Global media flocked to the island
Some stories are as much about public relations as they are news. This week marked the culmination of one of the greatest examples, which has left the PR industry gasping in admiration, says Ian Hall.
In a blaze of publicity, more than a thousand media organisations around the world this week reported that the job of “caretaker” of Hamilton Island in Australia had been given to a 34-year-old ostrich-rider from Hampshire, Ben Southall.
Given that part of a PR executive’s job is to sell a product without paying for advertising space, then Tourism Queensland’s “best job in the world” competition has been a PR triumph that has left those whose day-job it is to devise such campaigns green with envy.
The marketing masterclass, conceived in Australia and being promoted in the UK by London-based travel PR company Hills Balfour Synergy, is now widely seen as odds-on favourite to win awards in the travel and PR industry.
What’s really clever about this is that it works as a global campaign and it seems to have very good spokespeople
Briton lands ‘world’s best job’
The initiative is already being seen as a case study in how to execute a PR – as opposed to advertising – campaign. PR guru Mark Borkowski has described the campaign on his blog as “a fine example of PR left to do what it does best – spread a positive story as far and wide as possible in a glowing light”.
Tourism Queensland ticked all the boxes, creating an ongoing narrative that would work globally and gather acres of free publicity.
Boasting a series of “hooks” that began in January, from the job-application process through to the X-Factor-style whittling-down of the candidates, the campaign harnessed social media to effectively create a worldwide reality TV competition that tapped into young people’s wanderlust and cleverly disguised a competition prize as a “job”.
One PR expert who has been watching Queensland’s acres of positive coverage unfold with awe is Debbie Hindle, managing director of PR firm BGB, which advises numerous travel-related clients.
Hindle admits: “I was actually asked for a ‘campaign I wish I’d thought of’ a few months ago and I said this one even then.”
She points out that the campaign is particularly impressive given that the product being promoted is a destination which, she says, tend to be conservative in the PR initiatives they are willing to agree to.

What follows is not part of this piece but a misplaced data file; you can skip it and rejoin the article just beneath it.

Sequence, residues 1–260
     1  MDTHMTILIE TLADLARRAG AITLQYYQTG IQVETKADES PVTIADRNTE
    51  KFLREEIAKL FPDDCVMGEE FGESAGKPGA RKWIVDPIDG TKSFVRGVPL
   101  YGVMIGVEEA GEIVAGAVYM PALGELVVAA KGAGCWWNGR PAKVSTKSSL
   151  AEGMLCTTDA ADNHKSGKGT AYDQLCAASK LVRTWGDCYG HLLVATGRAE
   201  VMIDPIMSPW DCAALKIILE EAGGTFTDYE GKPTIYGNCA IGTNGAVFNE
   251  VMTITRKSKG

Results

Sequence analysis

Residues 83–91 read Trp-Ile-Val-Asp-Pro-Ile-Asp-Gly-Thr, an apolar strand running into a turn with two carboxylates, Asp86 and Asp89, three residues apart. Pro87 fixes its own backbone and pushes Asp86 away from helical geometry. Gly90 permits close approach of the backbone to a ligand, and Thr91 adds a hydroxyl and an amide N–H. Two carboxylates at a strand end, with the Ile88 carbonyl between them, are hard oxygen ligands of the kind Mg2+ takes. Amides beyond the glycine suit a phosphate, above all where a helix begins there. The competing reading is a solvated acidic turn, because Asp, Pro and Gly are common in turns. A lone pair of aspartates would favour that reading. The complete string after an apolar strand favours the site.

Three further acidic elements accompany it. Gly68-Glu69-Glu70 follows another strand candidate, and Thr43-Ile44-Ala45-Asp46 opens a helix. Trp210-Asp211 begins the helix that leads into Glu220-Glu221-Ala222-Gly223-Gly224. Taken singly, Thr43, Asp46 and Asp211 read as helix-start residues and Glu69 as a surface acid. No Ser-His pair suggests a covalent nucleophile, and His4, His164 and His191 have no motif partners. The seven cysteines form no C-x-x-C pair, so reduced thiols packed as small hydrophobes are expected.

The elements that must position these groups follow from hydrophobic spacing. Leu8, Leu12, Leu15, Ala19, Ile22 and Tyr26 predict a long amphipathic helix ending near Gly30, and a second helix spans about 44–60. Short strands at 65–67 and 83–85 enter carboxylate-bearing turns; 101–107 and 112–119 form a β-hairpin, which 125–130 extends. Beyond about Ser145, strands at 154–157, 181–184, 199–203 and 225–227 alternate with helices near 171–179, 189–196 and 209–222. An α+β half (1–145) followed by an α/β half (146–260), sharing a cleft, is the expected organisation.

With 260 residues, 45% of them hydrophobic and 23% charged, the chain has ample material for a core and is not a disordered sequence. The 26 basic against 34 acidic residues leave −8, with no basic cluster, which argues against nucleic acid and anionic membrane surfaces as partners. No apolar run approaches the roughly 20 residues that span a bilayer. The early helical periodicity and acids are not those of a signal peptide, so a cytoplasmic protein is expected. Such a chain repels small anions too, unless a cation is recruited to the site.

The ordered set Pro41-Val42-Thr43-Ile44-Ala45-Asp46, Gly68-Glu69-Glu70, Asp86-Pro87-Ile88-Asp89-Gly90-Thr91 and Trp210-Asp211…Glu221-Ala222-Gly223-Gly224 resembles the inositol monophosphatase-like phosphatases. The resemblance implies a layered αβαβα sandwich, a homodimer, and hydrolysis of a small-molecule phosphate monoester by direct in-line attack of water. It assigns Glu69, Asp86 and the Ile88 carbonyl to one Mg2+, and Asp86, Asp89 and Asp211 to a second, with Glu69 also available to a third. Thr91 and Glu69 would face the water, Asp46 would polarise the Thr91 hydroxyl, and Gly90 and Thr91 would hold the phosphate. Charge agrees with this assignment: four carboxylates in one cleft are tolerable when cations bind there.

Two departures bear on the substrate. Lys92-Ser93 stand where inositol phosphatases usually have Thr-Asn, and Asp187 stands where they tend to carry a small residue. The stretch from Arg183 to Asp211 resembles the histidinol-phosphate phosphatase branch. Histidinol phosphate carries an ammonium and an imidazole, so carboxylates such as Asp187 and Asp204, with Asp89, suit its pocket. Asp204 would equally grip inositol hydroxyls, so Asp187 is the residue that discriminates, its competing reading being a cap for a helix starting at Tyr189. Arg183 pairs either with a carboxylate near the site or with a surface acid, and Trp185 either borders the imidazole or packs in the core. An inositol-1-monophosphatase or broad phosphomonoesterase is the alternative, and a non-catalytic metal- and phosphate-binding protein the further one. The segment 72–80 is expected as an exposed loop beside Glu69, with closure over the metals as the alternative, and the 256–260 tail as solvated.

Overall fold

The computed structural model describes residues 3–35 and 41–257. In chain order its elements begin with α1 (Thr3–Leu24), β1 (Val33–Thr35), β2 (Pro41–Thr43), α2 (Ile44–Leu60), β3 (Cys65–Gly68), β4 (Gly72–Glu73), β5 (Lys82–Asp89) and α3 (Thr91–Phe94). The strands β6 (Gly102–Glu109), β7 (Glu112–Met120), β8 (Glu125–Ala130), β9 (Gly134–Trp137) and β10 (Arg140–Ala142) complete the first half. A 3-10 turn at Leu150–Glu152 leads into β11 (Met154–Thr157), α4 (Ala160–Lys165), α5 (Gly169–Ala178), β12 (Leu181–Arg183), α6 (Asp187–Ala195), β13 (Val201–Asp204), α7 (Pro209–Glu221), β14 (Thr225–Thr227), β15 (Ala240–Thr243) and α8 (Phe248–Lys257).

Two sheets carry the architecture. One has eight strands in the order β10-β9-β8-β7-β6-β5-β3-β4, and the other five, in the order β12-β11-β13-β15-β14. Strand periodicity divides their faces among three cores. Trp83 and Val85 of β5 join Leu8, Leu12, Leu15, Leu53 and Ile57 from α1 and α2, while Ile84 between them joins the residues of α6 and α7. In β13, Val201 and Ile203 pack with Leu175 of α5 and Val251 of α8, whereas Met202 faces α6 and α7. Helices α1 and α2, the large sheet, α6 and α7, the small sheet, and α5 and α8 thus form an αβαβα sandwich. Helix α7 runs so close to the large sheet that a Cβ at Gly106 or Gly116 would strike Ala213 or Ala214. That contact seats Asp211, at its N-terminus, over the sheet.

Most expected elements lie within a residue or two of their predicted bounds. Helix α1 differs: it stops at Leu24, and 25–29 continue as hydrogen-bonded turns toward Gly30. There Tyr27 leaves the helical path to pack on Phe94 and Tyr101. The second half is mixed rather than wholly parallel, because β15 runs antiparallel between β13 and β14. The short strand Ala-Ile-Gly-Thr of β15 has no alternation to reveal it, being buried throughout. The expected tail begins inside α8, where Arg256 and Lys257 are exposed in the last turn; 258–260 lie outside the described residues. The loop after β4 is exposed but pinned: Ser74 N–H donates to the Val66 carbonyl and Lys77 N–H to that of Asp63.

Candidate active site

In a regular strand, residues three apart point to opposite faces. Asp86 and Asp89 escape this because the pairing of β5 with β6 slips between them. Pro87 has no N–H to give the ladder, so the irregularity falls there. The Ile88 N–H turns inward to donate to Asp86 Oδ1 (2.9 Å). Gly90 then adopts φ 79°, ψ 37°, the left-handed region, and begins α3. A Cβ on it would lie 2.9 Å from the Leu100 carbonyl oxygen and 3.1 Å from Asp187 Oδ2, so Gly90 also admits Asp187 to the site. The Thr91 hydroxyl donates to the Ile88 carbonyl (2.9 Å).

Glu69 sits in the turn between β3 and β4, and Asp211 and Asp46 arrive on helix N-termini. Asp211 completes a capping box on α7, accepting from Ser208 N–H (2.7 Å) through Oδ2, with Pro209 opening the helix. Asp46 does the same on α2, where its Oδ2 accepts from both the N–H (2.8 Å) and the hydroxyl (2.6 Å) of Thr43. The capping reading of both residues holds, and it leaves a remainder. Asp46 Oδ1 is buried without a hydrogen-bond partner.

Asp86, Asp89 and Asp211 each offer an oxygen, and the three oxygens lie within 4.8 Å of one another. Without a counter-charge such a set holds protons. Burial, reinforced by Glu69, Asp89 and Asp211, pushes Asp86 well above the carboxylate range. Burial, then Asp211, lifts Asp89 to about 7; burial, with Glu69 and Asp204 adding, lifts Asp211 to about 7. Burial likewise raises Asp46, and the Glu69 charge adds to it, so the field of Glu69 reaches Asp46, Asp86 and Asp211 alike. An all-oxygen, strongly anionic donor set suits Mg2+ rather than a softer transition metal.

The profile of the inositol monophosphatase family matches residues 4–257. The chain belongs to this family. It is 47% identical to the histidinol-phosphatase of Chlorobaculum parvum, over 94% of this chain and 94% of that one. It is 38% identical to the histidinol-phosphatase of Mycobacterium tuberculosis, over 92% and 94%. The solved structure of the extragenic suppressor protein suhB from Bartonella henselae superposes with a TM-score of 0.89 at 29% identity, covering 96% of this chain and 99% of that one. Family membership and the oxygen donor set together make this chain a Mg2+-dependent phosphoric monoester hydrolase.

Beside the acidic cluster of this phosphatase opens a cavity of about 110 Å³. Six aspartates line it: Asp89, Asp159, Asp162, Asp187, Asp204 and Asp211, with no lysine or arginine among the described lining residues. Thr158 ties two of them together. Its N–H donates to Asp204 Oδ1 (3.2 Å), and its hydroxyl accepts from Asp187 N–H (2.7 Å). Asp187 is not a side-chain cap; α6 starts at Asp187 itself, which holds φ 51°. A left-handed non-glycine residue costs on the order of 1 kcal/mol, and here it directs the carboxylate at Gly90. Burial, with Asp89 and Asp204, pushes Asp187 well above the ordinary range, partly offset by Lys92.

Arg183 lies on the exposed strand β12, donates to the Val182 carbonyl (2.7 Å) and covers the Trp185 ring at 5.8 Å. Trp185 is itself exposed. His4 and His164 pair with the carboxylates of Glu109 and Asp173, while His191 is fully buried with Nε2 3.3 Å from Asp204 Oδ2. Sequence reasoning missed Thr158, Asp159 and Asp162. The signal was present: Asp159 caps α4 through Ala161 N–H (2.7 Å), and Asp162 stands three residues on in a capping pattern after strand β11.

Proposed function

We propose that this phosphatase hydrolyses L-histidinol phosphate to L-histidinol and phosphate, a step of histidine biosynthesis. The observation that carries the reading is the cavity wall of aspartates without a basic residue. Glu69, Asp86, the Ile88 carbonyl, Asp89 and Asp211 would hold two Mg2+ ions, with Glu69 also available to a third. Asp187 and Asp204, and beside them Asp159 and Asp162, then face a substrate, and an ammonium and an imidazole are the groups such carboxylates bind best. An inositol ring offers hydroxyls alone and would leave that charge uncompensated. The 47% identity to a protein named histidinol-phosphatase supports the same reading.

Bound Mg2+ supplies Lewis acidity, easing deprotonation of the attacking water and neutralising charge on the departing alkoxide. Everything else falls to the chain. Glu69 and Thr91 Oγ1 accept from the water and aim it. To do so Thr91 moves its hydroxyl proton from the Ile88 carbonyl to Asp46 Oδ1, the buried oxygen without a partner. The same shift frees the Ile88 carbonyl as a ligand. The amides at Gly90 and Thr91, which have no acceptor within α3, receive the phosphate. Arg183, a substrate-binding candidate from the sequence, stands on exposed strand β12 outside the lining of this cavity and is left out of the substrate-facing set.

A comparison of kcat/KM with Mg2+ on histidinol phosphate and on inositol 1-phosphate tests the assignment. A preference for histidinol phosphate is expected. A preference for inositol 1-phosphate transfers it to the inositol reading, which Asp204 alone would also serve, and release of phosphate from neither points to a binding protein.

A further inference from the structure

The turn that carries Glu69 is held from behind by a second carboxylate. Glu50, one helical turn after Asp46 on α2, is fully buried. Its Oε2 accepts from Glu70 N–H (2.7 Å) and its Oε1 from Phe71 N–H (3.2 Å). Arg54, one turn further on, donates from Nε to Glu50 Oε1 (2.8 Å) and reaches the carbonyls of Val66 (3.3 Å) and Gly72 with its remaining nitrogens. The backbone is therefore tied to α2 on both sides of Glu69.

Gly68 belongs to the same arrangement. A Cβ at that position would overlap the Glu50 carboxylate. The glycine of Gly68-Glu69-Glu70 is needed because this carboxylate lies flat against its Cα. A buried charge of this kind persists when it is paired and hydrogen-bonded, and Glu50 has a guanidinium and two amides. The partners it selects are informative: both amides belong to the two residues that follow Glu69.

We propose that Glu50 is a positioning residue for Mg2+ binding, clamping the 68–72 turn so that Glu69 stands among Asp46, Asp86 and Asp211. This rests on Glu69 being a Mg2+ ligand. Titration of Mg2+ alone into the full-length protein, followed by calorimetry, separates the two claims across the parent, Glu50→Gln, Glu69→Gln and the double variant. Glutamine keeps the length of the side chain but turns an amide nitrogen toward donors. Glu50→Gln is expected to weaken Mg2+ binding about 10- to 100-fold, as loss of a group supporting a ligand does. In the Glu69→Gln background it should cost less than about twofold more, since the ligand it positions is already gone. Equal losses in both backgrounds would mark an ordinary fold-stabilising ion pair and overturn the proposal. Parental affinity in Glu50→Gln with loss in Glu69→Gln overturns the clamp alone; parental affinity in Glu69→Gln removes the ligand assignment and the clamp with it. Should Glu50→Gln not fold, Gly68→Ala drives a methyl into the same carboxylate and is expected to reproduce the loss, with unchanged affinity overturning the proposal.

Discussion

Margot Raggett, chief executive of Lexis PR, is equally in awe. She says: “What’s really clever about this is that it works as a global campaign and it seems to have very good spokespeople and, inevitably, pictures.”
Referring to the extensive coverage the campaign has garnered, Raggett says: “It just seems to have tapped into the zeitgeist – whether by accident or design – in that it’s a feel-good story in grim times economically. The media seem to have largely let it pass that this story is a marketing ploy. Perhaps that’s because it’s a tourism campaign and not one based around, say, a company’s new product.”
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1.2m people enter a competition to invent a new flavour of Walkers Crisps, won by Builder’s Breakfast
Meanwhile, Graham Goodkind – chairman of the agency Frank PR, which has offices in London and Sydney – observes: “The beauty of this is that it’s such a simple idea.
“The PR story is also intrinsic to the brand – it’s impossible to forget what this is promoting – and it’s been very well executed. What a contrast it is to so many PR campaigns that use old-fashioned PR techniques such as promoting the results of surveys – so often it’s impossible to remember what those campaigns are promoting.”
Goodkind points out, however, that the “best job in the world” concept itself is far from novel. He admits that his own agency once ran a campaign to promote a job as a “condom tester” – but largely treated it a “one-hit” story.
Moving beyond the current success of the campaign, PR experts counsel that it is too early to assess the stunt’s full impact.
As BGB’s Debbie Hindle says: “Promoting travel from the UK to places as far away as Australia tends to suffer a bit from people thinking such destinations are ‘place of a lifetime’-type destinations.
“The challenge is to convert media interest into real visitor numbers. But I imagine the people behind the Queensland campaign won’t now let go of it. I imagine next year we’ll get the second blogger being sent off there and it could all be repeated.”
Inevitably, too, the flak has started. Message boards contain comments such as “the high wage might be needed to cover the cost of living on Hamilton Island – a brief holiday there left me scratching my head at the ridiculous prices charged for some everyday staples” or “I’ve been to Hamilton Island – you’d be bored out of your mind within two days, seriously”.
£35m of publicity
But for now the champagne corks are popping at Tourism Queensland. Jane Nicholson, regional director of Tourism Queensland in the UK, describes the worldwide response to the campaign as “nothing short of phenomenal”.
She says: “The campaign has largely relied on public relations and social networking activity and has captured the imagination of the world.
“To date it’s generated more than $70 million [£35m] in publicity value through TV, radio and newspaper coverage, as well as special online discussion groups, bulletin boards, blogs and websites with applicants critiquing their competition, having detailed discussions and swapping ideas and tips.”
As Ben Southall prepares to head off to his “job” Down Under, he leaves behind a PR industry not only “wishing they were there”, but also wishing the campaign was theirs.
Ian Hall worked for PR Week from 2000-2007 and is now editor of Public Affairs News